Generative AI has raised a multitude of legal questions. It is also challenging established legal norms, necessitating the development of new legal regulations and frameworks.
The "Generative AI Legal Explainer" is an ongoing initiative aimed at providing individuals with the kind of responses that legal experts might offer informally (thanks to NYU Clinical Assistant Professor Jenny McPhee for sharing this). The resource offers commonly asked questions accompanied by a concise answer designed to provide a clear understanding of the most probable outcome in a typical scenario.
Below are some of the most frequently asked questions and a summary of responses based on real-life legal cases.
Use of Personal Content:
Can GenAI companies train their systems on images, text, code, or other things I’ve made without getting my permission?
Probably Yes. GenAI companies can train their systems on images, text, code, or other things you've made without obtaining your explicit permission, primarily due to the application of the fair use doctrine in US copyright law.
Ownership of AI-Generated Content:
Is GenAI allowed to produce outputs “in the style of” a human artist?
Probably Yes. GenAI is generally not prohibited from producing outputs "in the style of" a human artist as copyright primarily protects specific works, and style copying is challenging to address through traditional copyright law.
When I use GenAI, do I own any of the outputs?
Probably No. The ownership of GenAI outputs is currently in a state of flux, and it's primarily considered that the machines that create them, not the humans who prompt them, are the authors according to US Copyright Office decisions.
Data Collection by AI Products:
When I use GenAI products like ChatGPT, can they collect my data?
Data Removal from Training Datasets:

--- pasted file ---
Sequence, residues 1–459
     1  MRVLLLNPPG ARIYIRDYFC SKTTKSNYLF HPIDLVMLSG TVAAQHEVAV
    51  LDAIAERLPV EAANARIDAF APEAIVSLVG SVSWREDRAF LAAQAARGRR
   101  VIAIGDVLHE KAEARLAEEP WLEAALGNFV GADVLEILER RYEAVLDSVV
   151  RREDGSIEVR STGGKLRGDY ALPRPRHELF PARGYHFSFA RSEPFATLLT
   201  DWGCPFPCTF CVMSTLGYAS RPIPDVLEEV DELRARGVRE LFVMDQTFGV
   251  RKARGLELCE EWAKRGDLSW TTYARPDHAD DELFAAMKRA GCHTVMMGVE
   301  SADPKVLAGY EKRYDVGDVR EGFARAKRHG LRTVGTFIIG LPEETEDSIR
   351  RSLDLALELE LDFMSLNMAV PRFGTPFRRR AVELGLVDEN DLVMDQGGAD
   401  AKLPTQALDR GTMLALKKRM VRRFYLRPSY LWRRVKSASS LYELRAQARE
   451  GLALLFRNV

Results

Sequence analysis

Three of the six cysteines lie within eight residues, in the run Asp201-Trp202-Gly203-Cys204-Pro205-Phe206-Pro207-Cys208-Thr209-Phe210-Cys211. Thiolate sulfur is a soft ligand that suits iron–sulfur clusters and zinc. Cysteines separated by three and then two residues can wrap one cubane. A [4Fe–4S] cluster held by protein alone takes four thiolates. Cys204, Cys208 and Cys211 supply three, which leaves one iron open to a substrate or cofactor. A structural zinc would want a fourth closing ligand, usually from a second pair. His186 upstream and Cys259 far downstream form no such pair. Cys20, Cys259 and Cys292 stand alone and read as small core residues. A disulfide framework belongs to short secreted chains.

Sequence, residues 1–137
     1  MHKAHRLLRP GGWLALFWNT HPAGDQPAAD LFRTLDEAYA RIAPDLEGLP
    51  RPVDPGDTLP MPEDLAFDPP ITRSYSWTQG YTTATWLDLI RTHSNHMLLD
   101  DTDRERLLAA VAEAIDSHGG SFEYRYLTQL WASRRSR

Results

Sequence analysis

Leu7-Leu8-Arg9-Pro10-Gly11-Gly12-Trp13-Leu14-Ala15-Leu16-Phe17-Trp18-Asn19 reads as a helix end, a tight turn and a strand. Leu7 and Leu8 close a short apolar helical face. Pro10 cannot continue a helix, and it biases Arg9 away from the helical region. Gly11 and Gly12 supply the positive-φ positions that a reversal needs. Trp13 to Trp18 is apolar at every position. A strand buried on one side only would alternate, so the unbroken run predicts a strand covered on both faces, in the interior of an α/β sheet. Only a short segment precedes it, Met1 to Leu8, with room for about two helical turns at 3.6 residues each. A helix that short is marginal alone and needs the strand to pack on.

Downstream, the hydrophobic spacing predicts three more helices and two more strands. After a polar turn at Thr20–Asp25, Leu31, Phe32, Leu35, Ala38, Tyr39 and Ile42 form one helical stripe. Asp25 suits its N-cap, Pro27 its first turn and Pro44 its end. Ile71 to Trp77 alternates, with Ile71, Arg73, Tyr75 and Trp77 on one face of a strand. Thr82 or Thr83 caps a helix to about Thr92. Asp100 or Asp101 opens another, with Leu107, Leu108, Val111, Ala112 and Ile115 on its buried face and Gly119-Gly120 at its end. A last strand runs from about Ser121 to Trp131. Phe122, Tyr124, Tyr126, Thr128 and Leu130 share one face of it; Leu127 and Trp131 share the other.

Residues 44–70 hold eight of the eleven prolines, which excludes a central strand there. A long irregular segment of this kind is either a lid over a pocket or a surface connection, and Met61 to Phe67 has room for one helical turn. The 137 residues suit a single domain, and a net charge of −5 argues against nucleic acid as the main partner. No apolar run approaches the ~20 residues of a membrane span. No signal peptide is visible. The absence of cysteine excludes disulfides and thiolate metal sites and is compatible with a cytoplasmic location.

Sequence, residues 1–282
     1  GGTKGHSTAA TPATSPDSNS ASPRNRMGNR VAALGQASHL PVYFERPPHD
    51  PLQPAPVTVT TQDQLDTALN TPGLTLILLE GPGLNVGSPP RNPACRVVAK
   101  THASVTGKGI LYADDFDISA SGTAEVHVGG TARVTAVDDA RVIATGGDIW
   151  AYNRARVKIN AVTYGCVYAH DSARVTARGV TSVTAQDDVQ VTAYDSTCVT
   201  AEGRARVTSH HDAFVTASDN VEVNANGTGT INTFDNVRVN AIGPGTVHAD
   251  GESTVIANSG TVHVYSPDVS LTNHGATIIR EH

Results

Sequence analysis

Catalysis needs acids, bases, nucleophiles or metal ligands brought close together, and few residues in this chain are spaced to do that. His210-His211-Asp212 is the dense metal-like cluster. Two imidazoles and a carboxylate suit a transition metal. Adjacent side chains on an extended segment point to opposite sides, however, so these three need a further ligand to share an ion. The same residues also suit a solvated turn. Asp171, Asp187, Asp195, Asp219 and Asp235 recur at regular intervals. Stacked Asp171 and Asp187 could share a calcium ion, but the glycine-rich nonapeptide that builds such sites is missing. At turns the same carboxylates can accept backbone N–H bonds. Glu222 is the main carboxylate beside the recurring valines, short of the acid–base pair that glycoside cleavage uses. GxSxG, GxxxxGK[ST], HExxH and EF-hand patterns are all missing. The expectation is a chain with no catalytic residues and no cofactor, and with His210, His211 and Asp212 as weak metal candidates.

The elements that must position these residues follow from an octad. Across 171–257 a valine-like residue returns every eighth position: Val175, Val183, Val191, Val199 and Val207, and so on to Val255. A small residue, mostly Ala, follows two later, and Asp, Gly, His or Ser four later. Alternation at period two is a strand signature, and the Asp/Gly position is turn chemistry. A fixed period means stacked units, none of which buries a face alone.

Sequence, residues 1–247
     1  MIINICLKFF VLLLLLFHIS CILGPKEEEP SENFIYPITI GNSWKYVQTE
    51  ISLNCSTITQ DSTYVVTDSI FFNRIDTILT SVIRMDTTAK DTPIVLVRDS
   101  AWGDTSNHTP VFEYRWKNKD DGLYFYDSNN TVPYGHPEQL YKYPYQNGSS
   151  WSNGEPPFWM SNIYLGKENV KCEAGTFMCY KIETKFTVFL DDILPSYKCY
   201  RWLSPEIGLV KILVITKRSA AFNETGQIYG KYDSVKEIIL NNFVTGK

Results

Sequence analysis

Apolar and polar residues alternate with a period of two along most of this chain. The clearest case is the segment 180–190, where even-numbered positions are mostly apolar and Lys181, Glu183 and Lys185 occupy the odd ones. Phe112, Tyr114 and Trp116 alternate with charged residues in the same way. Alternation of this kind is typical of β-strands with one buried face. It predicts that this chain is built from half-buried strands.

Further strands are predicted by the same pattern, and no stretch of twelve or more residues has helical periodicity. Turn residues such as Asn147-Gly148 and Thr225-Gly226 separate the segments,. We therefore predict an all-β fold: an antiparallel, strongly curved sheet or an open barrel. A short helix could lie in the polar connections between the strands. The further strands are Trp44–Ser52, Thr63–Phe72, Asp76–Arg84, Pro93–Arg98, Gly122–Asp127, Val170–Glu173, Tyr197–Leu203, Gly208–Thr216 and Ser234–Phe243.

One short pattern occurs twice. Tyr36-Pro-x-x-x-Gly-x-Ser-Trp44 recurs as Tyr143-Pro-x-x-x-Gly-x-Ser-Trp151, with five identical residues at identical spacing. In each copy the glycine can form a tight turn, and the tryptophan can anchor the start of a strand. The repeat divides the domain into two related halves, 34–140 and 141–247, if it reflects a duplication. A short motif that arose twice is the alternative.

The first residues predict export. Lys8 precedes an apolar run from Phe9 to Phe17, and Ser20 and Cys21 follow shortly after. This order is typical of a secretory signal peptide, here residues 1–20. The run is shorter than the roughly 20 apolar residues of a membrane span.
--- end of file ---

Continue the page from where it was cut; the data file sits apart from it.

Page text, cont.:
Can I remove my personal data from GenAI training datasets?
Probably Not. Currently there is no foolproof method to compel companies to disclose whether your personal data is in GenAI training datasets, and even if such data were identified, it is technically challenging to fully remove it from these datasets without unpredictable consequences for deep learning models.
Defamation by AI Tools:
Can I sue a GenAI company for defamation if its tool generates false information about me?
Probably Yes. You could potentially sue a GenAI company for defamation if its tool generates false information about you, but the success of the lawsuit would depend on a variety of factors, including whether the false information is presented as a statement of fact and whether the GenAI company was negligent or aware of the harm caused.
It is important to remember that these questions and answers should not serve as a substitute for legal counsel. For legal guidance on specific actions, consulting with an attorney remains crucial.
To delve deeper into the complexities of generative AI's legal landscape, read the full Knowing Machines "Generative AI Legal Explainer."
NOTE: Portions of this post were created with the assistance of Generative AI.